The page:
In 2009, 13 year old Christian Choate was beaten to death after years of physical and mental torture by his father and step mother. He was confined to a wire dog cage for the last year of his life, not being allowed to eat, hydrate, use the toilet, play or move around. He wrote pages of heart-wrenching accounts of his suffering, wondering when an adult would come to rescue him. After dying from blows to the head, his body was wrapped in trash bags, buried and encased in cement by his father and step mother. In July of 2011, his body was finally discovered by authorities.
For ten years prior to Christian's death, child protective authorities investigated and visited the family, most of the time concluding that they found "no evidence" of abuse and neglect. The Indiana child protective (DCS) spokesperson, Anne Houseworth claimed, "We followed all state laws, all policies and procedures." She added, "If we don't see evidence of abuse, and no one admits anything is going on, there is nothing for us to do,"
Children all over the country suffer the gross failure of the system to protect them, but it is only when tragedies occur, like the death of Christian, that the public becomes aware of the severity of the problem. In the interests of following protocol, even in cases when years and years of reports are made, child protective authorities refuse to remove children from severely abusive and physically neglectful environments. Terrified children rarely admit to abuse or neglect when questioned and parents are often notified ahead of time before social workers arrive.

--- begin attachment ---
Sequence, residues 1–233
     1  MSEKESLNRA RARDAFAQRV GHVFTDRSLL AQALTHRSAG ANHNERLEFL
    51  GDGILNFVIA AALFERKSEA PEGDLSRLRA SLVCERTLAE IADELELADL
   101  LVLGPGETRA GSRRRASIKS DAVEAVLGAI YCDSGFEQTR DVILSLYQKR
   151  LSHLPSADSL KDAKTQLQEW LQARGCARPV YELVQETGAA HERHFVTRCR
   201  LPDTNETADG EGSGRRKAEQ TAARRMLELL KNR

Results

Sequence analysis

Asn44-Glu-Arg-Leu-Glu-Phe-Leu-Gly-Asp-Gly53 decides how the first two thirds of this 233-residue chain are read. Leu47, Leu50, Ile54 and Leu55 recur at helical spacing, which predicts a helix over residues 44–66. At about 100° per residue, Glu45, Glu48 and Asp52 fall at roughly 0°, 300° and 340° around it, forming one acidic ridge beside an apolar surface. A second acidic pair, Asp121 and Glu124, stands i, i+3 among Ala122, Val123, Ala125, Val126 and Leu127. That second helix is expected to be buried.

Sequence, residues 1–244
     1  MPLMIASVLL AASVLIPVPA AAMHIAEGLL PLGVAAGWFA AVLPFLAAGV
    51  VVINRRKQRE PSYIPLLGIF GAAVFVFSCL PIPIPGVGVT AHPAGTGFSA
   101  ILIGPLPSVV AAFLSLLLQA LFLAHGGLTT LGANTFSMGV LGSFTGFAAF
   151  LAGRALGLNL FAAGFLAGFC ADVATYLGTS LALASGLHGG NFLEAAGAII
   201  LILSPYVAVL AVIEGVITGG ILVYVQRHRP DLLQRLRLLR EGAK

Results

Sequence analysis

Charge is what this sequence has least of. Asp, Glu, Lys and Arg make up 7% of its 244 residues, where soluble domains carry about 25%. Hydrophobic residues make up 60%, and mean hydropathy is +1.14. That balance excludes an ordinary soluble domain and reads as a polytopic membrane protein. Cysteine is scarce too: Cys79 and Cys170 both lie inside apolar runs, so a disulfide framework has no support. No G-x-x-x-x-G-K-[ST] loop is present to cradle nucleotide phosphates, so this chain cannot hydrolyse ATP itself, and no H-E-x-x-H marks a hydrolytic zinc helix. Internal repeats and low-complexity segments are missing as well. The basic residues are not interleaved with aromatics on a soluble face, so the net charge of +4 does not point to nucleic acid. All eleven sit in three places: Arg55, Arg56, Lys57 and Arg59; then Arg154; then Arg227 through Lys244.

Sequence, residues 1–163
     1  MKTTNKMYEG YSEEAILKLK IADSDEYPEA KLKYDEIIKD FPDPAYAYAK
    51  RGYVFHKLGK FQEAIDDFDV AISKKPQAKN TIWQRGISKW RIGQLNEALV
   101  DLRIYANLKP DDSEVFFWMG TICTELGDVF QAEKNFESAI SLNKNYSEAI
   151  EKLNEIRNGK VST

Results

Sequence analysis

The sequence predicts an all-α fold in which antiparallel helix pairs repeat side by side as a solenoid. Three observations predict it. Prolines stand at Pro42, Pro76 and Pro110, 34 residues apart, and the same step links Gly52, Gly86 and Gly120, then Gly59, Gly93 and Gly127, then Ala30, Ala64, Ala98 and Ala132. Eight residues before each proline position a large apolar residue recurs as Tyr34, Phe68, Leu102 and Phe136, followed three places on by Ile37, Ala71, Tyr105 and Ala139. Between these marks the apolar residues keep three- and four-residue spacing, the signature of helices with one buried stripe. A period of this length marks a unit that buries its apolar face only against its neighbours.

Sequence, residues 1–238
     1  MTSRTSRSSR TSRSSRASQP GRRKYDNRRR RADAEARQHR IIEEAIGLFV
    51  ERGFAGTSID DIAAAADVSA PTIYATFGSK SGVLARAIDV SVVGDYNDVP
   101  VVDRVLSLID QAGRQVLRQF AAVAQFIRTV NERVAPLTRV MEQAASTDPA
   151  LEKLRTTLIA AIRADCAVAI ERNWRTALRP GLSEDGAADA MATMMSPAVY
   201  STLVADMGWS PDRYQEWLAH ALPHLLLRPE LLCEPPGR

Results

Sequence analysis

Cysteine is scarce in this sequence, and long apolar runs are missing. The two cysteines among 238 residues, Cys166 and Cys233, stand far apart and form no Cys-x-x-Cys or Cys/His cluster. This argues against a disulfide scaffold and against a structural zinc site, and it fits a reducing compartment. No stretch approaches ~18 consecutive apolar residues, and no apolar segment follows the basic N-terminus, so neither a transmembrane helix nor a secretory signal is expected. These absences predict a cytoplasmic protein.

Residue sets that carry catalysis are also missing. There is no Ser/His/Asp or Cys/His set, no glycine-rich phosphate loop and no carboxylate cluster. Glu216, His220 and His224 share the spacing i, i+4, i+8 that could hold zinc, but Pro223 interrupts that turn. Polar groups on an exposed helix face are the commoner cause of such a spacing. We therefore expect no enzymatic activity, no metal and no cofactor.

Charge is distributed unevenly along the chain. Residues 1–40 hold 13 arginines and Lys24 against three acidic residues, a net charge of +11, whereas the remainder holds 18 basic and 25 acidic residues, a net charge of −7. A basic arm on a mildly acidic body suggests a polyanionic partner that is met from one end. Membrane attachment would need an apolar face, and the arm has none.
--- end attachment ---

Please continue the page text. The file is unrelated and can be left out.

Tell law makers to make it a felony if the supervisors of state child protective authorities fail to take action to protect children when more than two separate, credible reports have been made against a family or when there is strong suspicion by CPS that there is severe physical abuse, sexual abuse and/or severe physical neglect (not educational neglect) occurring in the home.
Protection can be a number of different services, such as daily in home visits from social workers to observe family dynamics over a period of time, mandatory parenting education with home observations, classes for the children teaching them about their right to be free from abuse and how to identify it, mandatory in home therapy from a team with the focus on attachment parenting education (not child behavior modification), placing the child with relatives while the parents receive treatment, placing the entire family in a "foster care" situation with a supportive family modeling healthy child care, placing the entire family in a program with a small group of other families or, in the case of chronic abuse or chronic severe physical neglect, the parents refusing to cooperate with services or in a case of life threatening torture, removal of the child from the parents.